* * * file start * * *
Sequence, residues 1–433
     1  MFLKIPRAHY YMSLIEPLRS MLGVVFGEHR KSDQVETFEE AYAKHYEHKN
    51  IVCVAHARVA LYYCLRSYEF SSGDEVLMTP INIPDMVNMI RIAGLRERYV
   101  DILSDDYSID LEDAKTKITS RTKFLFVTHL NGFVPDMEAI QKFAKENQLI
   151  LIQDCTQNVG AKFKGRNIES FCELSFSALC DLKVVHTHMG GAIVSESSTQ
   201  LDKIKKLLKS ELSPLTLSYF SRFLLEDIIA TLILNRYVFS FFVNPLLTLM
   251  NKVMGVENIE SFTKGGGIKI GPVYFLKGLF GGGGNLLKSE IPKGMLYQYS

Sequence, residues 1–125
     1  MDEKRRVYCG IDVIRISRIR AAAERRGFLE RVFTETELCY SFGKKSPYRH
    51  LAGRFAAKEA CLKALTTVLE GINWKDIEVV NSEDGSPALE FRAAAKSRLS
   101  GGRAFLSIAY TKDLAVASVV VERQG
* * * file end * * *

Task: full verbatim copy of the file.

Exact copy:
Sequence, residues 1–433
     1  MFLKIPRAHY YMSLIEPLRS MLGVVFGEHR KSDQVETFEE AYAKHYEHKN
    51  IVCVAHARVA LYYCLRSYEF SSGDEVLMTP INIPDMVNMI RIAGLRERYV
   101  DILSDDYSID LEDAKTKITS RTKFLFVTHL NGFVPDMEAI QKFAKENQLI
   151  LIQDCTQNVG AKFKGRNIES FCELSFSALC DLKVVHTHMG GAIVSESSTQ
   201  LDKIKKLLKS ELSPLTLSYF SRFLLEDIIA TLILNRYVFS FFVNPLLTLM
   251  NKVMGVENIE SFTKGGGIKI GPVYFLKGLF GGGGNLLKSE IPKGMLYQYS

Sequence, residues 1–125
     1  MDEKRRVYCG IDVIRISRIR AAAERRGFLE RVFTETELCY SFGKKSPYRH
    51  LAGRFAAKEA CLKALTTVLE GINWKDIEVV NSEDGSPALE FRAAAKSRLS
   101  GGRAFLSIAY TKDLAVASVV VERQG